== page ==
For a refua shleima for Moshe David ben Devorah.
Yichud - some poskim prohibit adoption because it will lead to yichud problems with the parent of the opposite gender. I understand Rav Moshe Feinstein in Igros Moshe E"H IV 64:2 as holding there isn't a problem to adopt a girl because there is a super din of "ishto imo" so there is no concern of yichud. His heter apparently would not apply to a couple adopting a boy, because of the yichud problem between the adoptive mother and the boy. I previously mentioned that my rebbi zt"l paskened there is no problem of yichud because Meiri Kiddushin (81b s.v. Kevar) says: "...However, whomever does this without the intent of yichud and for unclean thoughts, rather, the way of the love of the ones who raise a child (derech hamolidim) to publicise and make known that their children are very dear to them, it is permitted. And on this it is said: hakol lesheim shamayim." He expanded on this and said from Tosfos, Sanhedrin 37a s.v., Hatorah, that sometimes a the thorn around roses - sugah bashoshanim - is a stronger barrier than an iron fence. The sugah bashoshanim of the child-parent relationship in case of adoption will form a psychological barrier against issur, and there will not be an issur yichud.
Writing name on Kesuva - How do we write the name of an adopted person in a shtar (contract)? Rama in Shulchan Aruch C"M 42:15 allows one to wrote "ploni ben ploni" even when it is only an adoptive relationship. For an aliya, most use the adoptive father's name, and some say ploni hamegadlo (who raised him). In a kesuva, the old custom was to write the biological parents (when they were also Jewish). I have heard that R' Moshe Feinstein said they can write the adoptive father's name without hamegadlo. (See also E"H I:99; E"H IV:26). Rav Yitzchak Yaakov Weiss in Minchas Yitzchak is very much opposed to using the adoptive father's name in a kesuva and even for calling the boy up for an aliya, because he is worried that people will make incorrect assumptions by hearing him called up as ben ploni. See Minchas Yitzchak I:136, IV:49, V:44, and VI:151. (He also prohibits yichud in an adoption).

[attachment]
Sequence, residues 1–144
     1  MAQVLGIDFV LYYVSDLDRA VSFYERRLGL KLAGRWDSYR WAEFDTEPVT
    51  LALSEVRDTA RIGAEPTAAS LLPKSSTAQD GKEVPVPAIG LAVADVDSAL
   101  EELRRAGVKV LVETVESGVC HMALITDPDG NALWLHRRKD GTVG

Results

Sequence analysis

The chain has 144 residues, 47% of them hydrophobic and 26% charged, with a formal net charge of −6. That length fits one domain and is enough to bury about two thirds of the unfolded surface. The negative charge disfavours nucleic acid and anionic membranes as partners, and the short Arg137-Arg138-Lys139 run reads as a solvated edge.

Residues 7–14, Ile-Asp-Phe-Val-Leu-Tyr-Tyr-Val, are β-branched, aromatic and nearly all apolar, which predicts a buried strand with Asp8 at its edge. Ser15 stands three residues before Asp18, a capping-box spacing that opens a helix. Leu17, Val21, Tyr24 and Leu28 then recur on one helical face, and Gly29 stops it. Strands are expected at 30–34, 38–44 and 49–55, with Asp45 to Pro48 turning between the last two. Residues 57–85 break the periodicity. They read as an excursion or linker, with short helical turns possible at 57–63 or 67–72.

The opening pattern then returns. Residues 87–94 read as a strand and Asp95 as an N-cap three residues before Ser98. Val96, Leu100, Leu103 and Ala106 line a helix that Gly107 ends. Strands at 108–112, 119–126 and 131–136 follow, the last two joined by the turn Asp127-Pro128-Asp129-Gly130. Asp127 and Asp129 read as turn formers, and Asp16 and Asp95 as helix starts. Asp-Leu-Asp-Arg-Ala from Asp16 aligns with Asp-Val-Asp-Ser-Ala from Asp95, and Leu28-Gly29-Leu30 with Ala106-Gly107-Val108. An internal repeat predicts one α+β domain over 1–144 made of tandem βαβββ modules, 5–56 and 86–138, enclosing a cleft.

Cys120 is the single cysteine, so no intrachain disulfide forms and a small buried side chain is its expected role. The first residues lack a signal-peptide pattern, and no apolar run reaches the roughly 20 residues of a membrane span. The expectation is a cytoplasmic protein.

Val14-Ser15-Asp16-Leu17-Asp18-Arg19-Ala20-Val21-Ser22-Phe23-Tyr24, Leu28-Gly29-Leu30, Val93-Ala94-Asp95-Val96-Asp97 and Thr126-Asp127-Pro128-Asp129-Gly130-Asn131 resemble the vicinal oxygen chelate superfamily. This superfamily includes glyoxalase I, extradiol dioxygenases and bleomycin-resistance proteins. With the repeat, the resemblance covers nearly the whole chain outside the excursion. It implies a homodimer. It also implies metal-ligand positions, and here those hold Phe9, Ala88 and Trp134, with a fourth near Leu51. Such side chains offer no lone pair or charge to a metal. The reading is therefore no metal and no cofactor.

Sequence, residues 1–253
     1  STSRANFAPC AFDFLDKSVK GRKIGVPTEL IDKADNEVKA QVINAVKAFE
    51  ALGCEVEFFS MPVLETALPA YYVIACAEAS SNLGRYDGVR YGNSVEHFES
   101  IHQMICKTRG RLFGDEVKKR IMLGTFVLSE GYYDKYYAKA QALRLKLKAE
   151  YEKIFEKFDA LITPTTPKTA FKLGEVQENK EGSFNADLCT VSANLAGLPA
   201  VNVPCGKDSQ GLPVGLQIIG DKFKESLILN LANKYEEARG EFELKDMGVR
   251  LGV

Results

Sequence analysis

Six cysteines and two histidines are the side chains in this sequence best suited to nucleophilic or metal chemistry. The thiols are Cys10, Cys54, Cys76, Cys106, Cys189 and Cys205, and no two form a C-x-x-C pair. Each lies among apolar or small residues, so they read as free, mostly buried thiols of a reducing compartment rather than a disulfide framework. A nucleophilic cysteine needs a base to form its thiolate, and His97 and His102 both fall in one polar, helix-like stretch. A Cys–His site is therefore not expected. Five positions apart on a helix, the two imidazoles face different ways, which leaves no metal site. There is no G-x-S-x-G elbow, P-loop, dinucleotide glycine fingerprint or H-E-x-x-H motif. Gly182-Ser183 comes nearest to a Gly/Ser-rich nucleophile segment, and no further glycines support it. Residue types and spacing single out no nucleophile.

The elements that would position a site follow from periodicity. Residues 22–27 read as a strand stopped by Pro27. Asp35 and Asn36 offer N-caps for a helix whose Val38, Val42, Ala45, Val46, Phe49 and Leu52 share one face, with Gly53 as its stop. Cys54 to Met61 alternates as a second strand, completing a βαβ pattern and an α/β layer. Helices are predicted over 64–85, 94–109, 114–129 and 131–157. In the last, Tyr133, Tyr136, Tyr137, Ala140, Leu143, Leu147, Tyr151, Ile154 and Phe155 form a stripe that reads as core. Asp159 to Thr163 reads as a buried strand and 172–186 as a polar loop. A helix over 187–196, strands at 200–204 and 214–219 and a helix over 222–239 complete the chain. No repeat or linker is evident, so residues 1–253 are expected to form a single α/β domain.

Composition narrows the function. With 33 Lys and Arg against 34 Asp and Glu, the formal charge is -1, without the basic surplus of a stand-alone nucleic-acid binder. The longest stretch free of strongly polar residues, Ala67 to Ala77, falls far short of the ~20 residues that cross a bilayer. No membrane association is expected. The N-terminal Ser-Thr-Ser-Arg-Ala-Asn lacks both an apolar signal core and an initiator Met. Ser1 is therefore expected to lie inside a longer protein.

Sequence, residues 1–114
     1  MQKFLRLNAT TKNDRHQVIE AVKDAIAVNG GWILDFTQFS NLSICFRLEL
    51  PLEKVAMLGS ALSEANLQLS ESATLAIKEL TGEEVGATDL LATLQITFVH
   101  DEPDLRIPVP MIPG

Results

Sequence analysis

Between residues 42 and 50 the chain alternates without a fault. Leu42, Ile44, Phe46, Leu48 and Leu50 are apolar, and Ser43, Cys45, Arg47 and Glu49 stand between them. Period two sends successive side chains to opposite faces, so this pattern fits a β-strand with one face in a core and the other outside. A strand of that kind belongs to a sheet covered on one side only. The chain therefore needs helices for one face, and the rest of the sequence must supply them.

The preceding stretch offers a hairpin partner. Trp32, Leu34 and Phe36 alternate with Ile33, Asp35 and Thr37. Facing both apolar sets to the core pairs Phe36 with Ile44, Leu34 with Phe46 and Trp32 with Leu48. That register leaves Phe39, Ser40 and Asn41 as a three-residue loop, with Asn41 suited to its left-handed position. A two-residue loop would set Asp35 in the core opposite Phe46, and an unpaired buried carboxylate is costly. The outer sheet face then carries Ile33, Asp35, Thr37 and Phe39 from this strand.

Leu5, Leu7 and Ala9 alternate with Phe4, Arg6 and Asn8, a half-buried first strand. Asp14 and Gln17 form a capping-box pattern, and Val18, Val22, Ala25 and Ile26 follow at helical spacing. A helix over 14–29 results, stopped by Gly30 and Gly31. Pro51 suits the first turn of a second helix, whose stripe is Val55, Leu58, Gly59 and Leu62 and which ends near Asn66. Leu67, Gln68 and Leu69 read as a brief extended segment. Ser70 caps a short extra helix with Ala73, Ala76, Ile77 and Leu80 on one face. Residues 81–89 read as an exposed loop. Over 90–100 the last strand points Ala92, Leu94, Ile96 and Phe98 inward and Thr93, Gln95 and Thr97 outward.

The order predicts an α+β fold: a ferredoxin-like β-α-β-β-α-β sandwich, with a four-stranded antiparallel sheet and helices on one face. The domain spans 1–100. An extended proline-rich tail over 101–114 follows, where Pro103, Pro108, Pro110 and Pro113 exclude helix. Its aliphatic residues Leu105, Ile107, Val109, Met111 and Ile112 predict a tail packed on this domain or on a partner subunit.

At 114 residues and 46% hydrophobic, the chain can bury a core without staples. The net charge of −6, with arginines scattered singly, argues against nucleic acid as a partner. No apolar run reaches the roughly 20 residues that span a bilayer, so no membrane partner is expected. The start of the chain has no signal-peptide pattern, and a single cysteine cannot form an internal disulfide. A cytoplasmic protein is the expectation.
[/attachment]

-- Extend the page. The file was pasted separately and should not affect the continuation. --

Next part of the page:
(You could make several distinctions: an adopted non-Jewish child who underwent geirus katan: should he be called ben Avraham Avinu like a Ger ,which s/he technically is, or ben ploni hamegadlo? Because what about a non-Jewish man married to a Jewish woman and later the father converts - especially in a case where the community does not know the father wasn't Jewish, could be call him up ben ploni hamegadlo? What about where the father was Jewish, the mother wasn't, and then the mother & child convert? Can we use hamegadlo or must we use ben Avraham Avinu? (I think Nachalas Tzvi would allow us to use hamegadlo in this last case.) Also, an Igros Moshe EH I:99 has a case where nobody remembered the boy's father's name. Probably that case was where his father died when she was very young and her mother remarried, and this man raised this girl. Rav Moshe paskened to write bas mi shenishkach shmo venikra ben ploni shegidlo. I mention these possibilities because there are several distinctions we can make, plus there may be social considerations where to use the word hamegadlo or shegidlo will cause scrutiny.)
A frum family had to give up a child for adoption, and the child was adopted by another frum family who allowed the child to have contact with his biological parents. When the child got married, the biological parents insisted on walking the child to the chuppa, while the adoptive parents who raised the child wanted to. They had a Din Torah by my rebbi Rav Ahron Soloveichik zt"l. He paskened, based on the Shemos Rabba 4:2, which states: When Hashem told Moshe 'go now, I send you to Paroh,' Moshe responded I cannot, because Yisro accepted me and opened his home to me and I am like his son, and one who opens his home to his fellow, his soil is obligated to him...and more than that, whoever opens his home to his fellow, he is required in honoring him more than his father and mother... So Moshe told Hashem Yisro accepted me and honored me, I cannot go unless he gives his permission. From this Midrash, my Rebbi paskened that the adoptive parents who raised the child should walk the child to the chuppa. Rav Aharon Kotler agreed with this psak.